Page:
We drove the big boat south today toward the island of Andros. The winds were up and the sea was choppy. We got tossed around quite a bit – but I enjoyed every second. I really miss being out on the water. As a marine scientist who focuses much of her time on science communication these days, it’s nice to get a chance to go back out in the field. Marine conservation in a passion of mine. Its great to be working on a project that involves cutting edge science that has real management implications for the protection of endangered and threatened shark species throughout the Caribbean.
Sharks sit atop the ocean’s food chain and play critical roles in sustaining healthy and balanced ocean environments. However, even these apex predators are vulnerable to human activities and are in peril throughout most of the world’s oceans. Sharks have been severely overfished, largely as a result of increasing demand for shark fin soup, a popular luxury dish in Asia that can fetch upwards of $100 per bowl.
Shark conservation efforts face many challenges. Sharks are slow to reach sexual maturity, and are extremely vulnerable to overfishing. They produce relatively few offspring, and, even with strict protections, face long population recovery times.
Areas designated as ‘Shark sanctuaries’, such as the Bahamas, provide sharks with protection from overfishing, and therefore allow shark populations an opportunity to recover. However, these sanctuaries will only be effective if sharks stay within sanctuary borders long enough to reproduce. Dr. Chapman’s research team is mapping critical juvenile shark habitats and nursery sites around the Bahamas and tracking behavior patterns of adult sharks. Once compiled, this information will be shared with the Bahamian government, so that additional protections can be provided to shark populations. If the Bahamian shark sanctuary is shown to be successful, it will serve as a model for other areas in the Caribbean.
Today we left the mangrove nursery grounds of the lemon sharks, and headed out to sea toward an old navel buoy. Fish like to hang out near old buoys – they provide a bit of cover out there in the big ocean. And, where little fish like to hang out, you find big fish. We were looking for a very big fish – a silky shark, Carcharhinus falciformus. Unfortunately, we got there a bit late in the day and didn’t catch anything. We’ll try again tomorrow.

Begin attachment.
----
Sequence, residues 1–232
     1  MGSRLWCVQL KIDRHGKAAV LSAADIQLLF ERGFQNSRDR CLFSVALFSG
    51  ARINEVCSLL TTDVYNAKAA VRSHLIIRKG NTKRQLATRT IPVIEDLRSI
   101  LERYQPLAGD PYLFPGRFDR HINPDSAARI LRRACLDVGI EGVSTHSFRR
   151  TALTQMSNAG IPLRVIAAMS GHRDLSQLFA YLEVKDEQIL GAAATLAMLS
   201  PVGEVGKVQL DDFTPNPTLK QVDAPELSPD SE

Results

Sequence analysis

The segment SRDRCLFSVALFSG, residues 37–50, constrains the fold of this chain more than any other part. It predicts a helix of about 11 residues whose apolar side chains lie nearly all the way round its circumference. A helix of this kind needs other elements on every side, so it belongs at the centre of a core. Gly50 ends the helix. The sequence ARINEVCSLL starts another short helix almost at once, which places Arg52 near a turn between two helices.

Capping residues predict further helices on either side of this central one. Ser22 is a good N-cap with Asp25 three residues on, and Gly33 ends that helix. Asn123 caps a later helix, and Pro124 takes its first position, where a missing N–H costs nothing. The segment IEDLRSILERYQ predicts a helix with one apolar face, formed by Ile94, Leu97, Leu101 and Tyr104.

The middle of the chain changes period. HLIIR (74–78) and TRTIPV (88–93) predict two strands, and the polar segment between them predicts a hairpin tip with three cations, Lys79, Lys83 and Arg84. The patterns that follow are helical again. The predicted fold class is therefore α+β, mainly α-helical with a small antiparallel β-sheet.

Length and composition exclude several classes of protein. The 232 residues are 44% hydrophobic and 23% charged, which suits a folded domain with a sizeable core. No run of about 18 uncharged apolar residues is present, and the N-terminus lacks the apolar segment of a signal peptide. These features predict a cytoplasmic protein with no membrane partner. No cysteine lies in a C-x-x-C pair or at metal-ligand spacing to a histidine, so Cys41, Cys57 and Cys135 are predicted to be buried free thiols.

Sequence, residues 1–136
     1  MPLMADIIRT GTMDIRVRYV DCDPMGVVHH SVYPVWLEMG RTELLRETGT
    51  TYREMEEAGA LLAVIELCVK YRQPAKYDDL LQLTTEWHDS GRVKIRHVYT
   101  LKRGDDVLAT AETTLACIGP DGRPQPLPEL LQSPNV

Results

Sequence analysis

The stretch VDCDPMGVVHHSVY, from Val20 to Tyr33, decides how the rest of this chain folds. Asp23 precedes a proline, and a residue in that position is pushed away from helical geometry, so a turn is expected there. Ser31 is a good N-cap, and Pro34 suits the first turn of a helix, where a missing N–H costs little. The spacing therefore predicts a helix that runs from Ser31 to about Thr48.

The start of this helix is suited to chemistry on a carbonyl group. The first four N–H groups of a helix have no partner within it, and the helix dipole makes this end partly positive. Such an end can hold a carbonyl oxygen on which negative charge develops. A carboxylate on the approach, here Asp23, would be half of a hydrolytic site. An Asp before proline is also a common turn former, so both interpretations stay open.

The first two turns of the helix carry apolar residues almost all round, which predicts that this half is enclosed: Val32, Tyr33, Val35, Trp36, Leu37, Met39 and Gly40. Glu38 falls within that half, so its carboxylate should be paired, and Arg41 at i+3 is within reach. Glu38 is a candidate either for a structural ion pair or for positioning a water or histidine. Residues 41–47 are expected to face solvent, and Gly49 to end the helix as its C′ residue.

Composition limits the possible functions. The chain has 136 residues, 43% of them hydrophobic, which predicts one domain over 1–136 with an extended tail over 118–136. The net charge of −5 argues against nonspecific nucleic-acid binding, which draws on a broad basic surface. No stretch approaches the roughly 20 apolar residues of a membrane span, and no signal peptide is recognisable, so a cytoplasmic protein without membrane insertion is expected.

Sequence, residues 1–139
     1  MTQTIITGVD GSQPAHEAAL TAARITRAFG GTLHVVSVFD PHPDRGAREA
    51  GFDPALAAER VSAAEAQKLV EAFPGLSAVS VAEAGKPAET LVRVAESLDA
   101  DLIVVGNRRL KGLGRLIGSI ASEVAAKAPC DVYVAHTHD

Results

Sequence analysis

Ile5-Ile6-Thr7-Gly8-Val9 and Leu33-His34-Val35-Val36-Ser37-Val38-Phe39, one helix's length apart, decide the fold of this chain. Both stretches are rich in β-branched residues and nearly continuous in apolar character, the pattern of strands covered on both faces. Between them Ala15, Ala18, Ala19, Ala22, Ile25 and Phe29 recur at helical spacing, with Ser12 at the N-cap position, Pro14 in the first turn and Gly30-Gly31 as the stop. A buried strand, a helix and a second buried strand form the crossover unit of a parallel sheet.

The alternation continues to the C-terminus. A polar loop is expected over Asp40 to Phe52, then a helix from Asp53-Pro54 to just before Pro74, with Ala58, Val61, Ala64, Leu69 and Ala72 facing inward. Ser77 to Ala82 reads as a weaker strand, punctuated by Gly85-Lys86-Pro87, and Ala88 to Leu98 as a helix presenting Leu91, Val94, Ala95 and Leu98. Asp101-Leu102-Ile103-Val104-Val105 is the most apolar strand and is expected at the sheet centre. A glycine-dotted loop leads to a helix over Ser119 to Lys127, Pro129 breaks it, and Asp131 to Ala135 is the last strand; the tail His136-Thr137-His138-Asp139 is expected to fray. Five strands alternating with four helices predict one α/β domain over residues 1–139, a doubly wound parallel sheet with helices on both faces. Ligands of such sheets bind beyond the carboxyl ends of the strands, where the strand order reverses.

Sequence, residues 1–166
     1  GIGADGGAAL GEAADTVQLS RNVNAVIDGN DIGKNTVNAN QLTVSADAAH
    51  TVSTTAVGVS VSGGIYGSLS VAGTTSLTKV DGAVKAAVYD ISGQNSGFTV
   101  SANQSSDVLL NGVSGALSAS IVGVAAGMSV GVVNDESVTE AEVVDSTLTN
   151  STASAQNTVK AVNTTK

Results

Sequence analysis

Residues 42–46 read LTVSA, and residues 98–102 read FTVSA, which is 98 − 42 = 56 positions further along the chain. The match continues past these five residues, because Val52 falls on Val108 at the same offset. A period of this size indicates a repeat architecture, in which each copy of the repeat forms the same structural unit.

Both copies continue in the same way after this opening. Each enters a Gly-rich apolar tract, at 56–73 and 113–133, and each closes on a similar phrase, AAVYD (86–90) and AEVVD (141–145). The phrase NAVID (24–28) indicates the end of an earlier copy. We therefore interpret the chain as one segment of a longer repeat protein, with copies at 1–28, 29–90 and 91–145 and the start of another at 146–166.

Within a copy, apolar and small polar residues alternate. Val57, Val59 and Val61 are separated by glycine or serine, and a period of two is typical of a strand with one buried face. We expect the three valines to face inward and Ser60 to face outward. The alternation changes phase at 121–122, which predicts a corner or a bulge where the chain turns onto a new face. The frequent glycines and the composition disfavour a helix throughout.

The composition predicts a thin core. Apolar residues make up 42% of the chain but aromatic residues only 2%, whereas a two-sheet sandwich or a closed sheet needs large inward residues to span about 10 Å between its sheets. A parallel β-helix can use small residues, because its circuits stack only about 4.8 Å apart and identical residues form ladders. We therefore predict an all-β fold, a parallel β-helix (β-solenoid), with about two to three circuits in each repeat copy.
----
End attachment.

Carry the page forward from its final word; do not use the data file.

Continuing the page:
Later in the day, we pulled up to the marina in Fresh Creek, Andros – our home for the night. There were some fishermen cleaning the day’s catch on the dock. Mark went to have a look thinking there might be some sharks around. There was. A big blacktip shark was circling. Blacktips, Carcharhinus limbatus, are a common coastal species of shark found worldwide that like to hang out near reefs and marinas. Blacktips are fast swimming sharks that can leap out of the water, making them popular catches among recreational fishermen.
Seeing our excitement, Jerry, a middle-aged Bahamian fisherman who was the dock master, threw a line into the water. The shark bit. It was amazing – watching him pull this shark in with his bare hands! No reel, no rod, just line in hand. It fought and flipped out of the water, but he didn’t let up. Mark grabbed the science kit and we ran over to get some measurements. We hopped into a little boat tied up on the dock as Jerry and Sean guided the shark along the boat’s side. Sean and Mark took a DNA sample and I wrote down the measurements…195 cm – that is over 6 feet long! Sean said it was one of the biggest blacktips he had ever seen.
We tagged the shark and sent in on its way. A good end to the day.